Comparing exercise interventions and how they affect cognition in older adults
LE3 .A278 2018
Bachelor of Kinesiology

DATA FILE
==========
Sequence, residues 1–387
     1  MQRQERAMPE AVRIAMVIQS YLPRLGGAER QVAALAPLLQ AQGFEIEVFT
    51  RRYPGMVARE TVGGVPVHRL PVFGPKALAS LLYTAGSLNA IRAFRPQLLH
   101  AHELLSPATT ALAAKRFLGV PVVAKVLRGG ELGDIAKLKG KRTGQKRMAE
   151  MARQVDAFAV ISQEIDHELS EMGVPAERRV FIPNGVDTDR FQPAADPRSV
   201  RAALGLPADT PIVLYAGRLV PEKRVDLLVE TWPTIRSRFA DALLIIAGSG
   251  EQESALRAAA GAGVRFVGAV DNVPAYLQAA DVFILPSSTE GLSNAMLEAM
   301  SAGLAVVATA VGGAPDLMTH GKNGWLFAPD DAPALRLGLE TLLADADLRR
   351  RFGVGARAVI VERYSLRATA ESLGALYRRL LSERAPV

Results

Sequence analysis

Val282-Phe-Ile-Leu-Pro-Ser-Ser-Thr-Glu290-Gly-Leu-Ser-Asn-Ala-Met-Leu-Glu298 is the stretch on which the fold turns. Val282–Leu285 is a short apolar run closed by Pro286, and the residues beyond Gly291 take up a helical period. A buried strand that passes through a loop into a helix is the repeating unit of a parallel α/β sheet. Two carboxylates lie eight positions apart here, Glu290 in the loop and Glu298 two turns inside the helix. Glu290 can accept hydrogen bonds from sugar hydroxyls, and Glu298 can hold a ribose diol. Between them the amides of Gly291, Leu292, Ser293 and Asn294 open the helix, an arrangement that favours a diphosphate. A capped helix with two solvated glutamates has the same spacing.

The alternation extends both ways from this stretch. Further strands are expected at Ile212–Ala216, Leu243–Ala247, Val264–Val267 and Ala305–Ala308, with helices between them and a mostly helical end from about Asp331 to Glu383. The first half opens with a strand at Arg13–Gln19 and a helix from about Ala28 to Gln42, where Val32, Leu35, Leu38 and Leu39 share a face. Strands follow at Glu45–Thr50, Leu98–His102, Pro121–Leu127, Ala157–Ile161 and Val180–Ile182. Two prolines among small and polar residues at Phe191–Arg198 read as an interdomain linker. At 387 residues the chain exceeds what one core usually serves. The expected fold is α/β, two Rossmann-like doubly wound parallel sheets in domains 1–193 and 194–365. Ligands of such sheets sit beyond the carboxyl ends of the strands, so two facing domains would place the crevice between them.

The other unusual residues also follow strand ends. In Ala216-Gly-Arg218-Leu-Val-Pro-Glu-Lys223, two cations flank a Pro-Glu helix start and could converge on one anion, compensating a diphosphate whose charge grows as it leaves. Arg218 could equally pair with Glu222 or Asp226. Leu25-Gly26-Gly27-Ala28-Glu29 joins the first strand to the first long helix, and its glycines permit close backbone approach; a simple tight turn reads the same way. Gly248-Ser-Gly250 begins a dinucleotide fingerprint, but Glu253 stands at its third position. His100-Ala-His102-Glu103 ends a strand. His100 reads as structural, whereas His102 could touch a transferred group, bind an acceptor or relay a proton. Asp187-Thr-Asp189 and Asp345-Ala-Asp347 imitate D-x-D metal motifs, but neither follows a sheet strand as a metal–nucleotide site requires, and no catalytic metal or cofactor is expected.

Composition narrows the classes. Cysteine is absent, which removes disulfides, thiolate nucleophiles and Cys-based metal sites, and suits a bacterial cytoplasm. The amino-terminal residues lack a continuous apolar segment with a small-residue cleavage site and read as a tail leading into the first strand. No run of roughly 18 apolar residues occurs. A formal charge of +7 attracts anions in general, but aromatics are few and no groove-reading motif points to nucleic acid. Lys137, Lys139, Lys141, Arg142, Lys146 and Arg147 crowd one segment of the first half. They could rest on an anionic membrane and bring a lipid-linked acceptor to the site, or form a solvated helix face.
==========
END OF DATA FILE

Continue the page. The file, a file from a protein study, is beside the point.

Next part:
As Canada’s aging population rises, there is a higher prevalence of chronic conditions and other age related diseases. With a larger amount of the population being 55 years or older and with more people going through ‘unhealthy aging’ that consists of poor diets and increased sedentary lifestyle, health care costs are increasing. Cognitive decline is a major concern for health care spending as there is a high prevalence of it among the aging population. A cost effective intervention is needed in order to prevent or slow the associated cognitive decline that comes with age, thus attempting to lift some of the economic stress being placed on the health care system. Exercise has been found to be an effective intervention for improving various physiological functions such as increased cardiorespiratory fitness as well as musculoskeletal fitness. Exercise has also been found to have a positive effect on cognition. Previous research has determined that executive functioning is one of the first cognitive processes to decline with age, however it is one of the first ones to improve through exercise. Aerobic training (AT) and resistance training (RT) are common exercise interventions that are used for various physical and cognitive benefits, however the literature has yet to determine which one is better for improving cognition in older adults. The mechanisms for how AT and RT affect cognition are poorly understood. Brain structure, and molecular changes have been commonly investigated for possible mechanisms behind altered cognition with exercise, however more research is needed on cerebral oxygenation and how it affects the efficiency of the brain in older adults
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